Choosing the right interns to join your early stage startup
There are more than 1 million babies as a result of the Erasmus+ enabled mobility of young European students and graduates. Spending a semester abroad has been one of the key selling points of the programme. Working for a startup in another EU country, on the other hand, probably has less lasting effects on your private life, but might be a game-changer for your career.
I myself never benefited from Erasmus+ during my studies in Berlin. Being an early stage startup founder, however, does make the idea of having young interns seem quite compelling. Choosing the Erasmus+ candidates pool to be our main source of generating applications turned out to be one of the best decisions we made this summer — here’s why.
Easy application process, access to grants
What we feared most before we started looking for summer interns was that the processes of screening, interviewing and onboarding the new team members will be more time-consuming than not having interns in the first place. We had a clear idea of the “job description” and were determined to make it look “as awesome as possible”.
You’ll be surprised how easy the whole selection process could be once you design the right structure. The Erasmus+ website already had plenty of basic information about each candidate, leaving us the possibility to ask for additional details or to assign tasks testing the candidate’s skills and motivation to apply. After an extra round where we gave the best candidates the chance to show creativity and passion about our mission, we were able to select a few final applicants who we interviewed.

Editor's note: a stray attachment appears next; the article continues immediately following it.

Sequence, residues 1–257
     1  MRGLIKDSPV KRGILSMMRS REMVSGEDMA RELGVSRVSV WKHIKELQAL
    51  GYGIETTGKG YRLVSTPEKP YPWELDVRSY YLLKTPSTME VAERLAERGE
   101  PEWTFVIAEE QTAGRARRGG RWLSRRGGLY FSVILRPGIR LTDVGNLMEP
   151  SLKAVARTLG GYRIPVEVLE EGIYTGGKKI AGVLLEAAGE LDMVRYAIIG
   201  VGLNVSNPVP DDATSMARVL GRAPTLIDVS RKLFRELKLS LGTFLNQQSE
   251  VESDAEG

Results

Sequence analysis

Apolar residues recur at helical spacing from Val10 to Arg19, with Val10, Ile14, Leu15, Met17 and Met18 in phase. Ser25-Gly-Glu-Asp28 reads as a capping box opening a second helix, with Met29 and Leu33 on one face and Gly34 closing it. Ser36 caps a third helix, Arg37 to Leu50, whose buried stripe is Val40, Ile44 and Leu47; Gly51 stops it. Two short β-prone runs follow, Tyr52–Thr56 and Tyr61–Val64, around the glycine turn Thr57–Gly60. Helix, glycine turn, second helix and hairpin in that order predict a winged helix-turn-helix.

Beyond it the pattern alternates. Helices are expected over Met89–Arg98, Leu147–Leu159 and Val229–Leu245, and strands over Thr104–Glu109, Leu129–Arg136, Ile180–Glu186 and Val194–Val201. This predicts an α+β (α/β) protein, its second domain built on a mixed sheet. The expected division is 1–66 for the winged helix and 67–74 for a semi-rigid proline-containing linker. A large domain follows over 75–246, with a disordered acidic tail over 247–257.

And what worked out great are the grants that the selected interns receive from Erasmus+, covering their trip, accommodation and expenses during the internship period. All we, as a hosting company, had to do is sign an Internship agreement. Kudos to the Erasmus+ programme for making the process so easy!
“What’s in it for them?
Most young interns are looking for programs that enable them to bond with other interns, learn from more experienced team members at the company, and more. We were highly motivated to enhance the intern’s time at ClaimCompass with activities outside the workplace: we organized weekend team building trips around Bulgaria and went to startup and leisure events together.
What I’ll always keep in mind is the feedback one of our interns, Thomas, gave to me after the final interview: “You were trying to sell me the company and the position as much as I was trying to convince you I’m the right fit.”
Learning how to hire and manage
Ever read one of those here’s-how-to-hire-someone books? Most startup founders are obsessed with the idea of getting everything right from the first try — how do we close the first sales deal, how do we fundraise, how do we decide on what the perfect new team member looks like.
For ClaimCompass, it has already been 9 months since we launched and we felt the moment is right for us to start experimenting with fresh additions to the core team. We relied upon our observations of previous experiences from projects, and advice from other founders and mentors.
Now that the first batch of interns is “graduating”, we can all agree that we learned as much from this experience as they did. Designing the new organizational structure, having the performance of others in mind, giving and accumulating feedback, communicating your vision in everyday tasks — this was a real “management in practice” lesson for the founding team that we highly appreciate.
A take away from this post? I believe the better the experience you provide to your interns, the more value you will obtain from them in return.